Now, I have a writing group, and a reading group, both of which are, fundamentally, book-based social events. We see films of books, either with friends, or family; sometimes as a date.  We watch them on screen and on stage, we hear them on our ipods.  We have special ones for certain times of the year, or for important events. And we pass them on, sharing books we have loved with our children, our nieces or nephews. They in turn will do the same.

I love escaping to the privacy and quiet of a book, and I love the peace I get sitting comfortably, with a book in my hands. But I love the discussion too – and the joy of books is that you can have both. ¬†When reading is part of your job, you’re a very lucky person. __________________________________________________________________________________________ The reading challenge continued this week with just one completed book:

Book 6 – Alice’s Adventures in Wonderland, by Lewis Carroll. ¬†This is another story I half-know, from films. ¬†It’s utterly bonkers, really; there are some wonderful details and plenty of ideas that I can imagine I’d have loved as a child. ¬†The Queen of Hearts is both frightening and ludicrous, as is her husband; the White Rabbit is officious and the Mad Hatter is not as mad as you might think! ¬†The downsides are that Alice herself is fairly frustrating, and that the end just sort of… happens. ¬†I wanted more, and it almost felt as though I’d turned over too many pages and missed a bit. ¬†Overall, I can see why this has an enduring popularity, and I can imagine the delight a child would take in some of the ideas, but I wish the last chapter was different!

Moby Dick has gone from my reading challenge life.  I read a line that made me question why on earth I was persevering, and I stopped.  Other American classics will take its place though!

Until next time,

Happy reading!



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Now I’ve finished the first draft of the woods novel (still celebrating!), it’s time to get back on board with the family tree novel.

The purpose is to fill in gaps, but I’ve noticed that at least part of this has to be filled by a person not directly involved. Oddly, this means I am using her inaction to highlight the action taking place ‘off-screen’, so to speak.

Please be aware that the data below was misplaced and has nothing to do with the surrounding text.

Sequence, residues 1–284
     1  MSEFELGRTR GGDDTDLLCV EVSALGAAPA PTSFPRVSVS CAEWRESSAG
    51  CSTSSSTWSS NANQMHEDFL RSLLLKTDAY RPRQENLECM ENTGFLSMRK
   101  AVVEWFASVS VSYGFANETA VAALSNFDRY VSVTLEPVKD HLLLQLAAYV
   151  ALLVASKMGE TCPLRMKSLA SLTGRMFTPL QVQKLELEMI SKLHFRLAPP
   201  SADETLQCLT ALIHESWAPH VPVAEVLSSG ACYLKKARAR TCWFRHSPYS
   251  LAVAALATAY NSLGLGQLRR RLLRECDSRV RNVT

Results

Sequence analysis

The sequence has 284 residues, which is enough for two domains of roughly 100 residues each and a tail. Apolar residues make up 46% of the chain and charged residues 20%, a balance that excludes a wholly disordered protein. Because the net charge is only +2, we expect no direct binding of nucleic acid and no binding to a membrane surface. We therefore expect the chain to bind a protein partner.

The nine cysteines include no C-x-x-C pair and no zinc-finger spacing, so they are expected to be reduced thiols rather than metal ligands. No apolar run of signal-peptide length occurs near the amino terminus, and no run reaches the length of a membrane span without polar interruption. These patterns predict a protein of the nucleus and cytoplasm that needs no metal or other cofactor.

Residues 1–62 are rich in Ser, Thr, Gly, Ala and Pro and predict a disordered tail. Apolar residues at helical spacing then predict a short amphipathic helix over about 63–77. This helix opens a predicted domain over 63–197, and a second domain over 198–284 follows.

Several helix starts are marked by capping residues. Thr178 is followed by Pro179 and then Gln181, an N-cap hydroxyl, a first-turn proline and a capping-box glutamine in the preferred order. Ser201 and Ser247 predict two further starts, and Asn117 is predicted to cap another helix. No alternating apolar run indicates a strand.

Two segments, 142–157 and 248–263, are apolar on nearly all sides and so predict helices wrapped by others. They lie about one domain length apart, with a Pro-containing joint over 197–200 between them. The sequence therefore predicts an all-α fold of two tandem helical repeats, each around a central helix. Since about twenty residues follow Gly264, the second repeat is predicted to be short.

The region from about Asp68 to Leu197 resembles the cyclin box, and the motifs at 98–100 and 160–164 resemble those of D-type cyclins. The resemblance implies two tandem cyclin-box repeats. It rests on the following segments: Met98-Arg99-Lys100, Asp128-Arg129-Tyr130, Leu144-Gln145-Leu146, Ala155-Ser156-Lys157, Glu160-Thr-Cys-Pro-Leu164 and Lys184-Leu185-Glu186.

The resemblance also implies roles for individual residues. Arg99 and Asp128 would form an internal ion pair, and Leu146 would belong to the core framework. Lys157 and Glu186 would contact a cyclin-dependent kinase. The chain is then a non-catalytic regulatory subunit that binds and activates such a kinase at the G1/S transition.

I’m sure we’ve all tried writing with strange permutations but I for one have never tried this: an unreliable person reporting on what they are not party to hearing…

Will it work? Only time – and writing it – will tell, but I think it’s the only way to make the action centre stage and yet not fill in the details of it too fully. The event is necessary, but knowing the content is not, and would undermine the story, I think.

It’ll be like one of those summits where nothing is actually decided…!

My second bit of inaction was the start of book club for 2013. ¬†We’re now meeting every month but only doing six books – each is allotted two sessions for discussion (read one gossipy meal then one gossipy meal with books on the table). ¬†I think we agreed that we’re all reading/about to read/have read the book in question, and established it has been made into a film which isn’t exactly like the book but does have a curly-haired actor in it… ¬†So not a lot, but it was really great to meet up!

One thing I did do was to share the poem from Saturday though. ¬†One person said it gave her goosebumps so that’s a pretty cool reaction!

And finally for today – to counteract my inaction I am at last starting to visit some of the lovely bloggers who have come and said hi over the last few months. ¬†I know it’s horribly delayed – as is the daisy award I have yet to deliver – but one of my resolutions for this year is to spend¬†a little more time reading – books, papers, blogs; whatever takes my fancy and spurs my imagination. ¬†I am sure I’ve missed lots of interesting and exciting posts so will make an effort to read as many as possible (even if I don’t always comment).

Happy writing